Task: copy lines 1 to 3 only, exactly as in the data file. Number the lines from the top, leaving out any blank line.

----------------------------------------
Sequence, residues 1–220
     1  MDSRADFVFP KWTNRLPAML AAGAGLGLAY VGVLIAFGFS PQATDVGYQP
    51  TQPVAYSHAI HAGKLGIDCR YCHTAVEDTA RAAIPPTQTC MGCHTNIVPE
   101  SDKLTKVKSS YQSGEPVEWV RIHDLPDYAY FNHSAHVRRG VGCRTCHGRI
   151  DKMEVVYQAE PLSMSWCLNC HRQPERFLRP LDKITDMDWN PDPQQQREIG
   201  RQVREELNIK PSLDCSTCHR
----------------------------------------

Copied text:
Sequence, residues 1–220
     1  MDSRADFVFP KWTNRLPAML AAGAGLGLAY VGVLIAFGFS PQATDVGYQP
    51  TQPVAYSHAI HAGKLGIDCR YCHTAVEDTA RAAIPPTQTC MGCHTNIVPE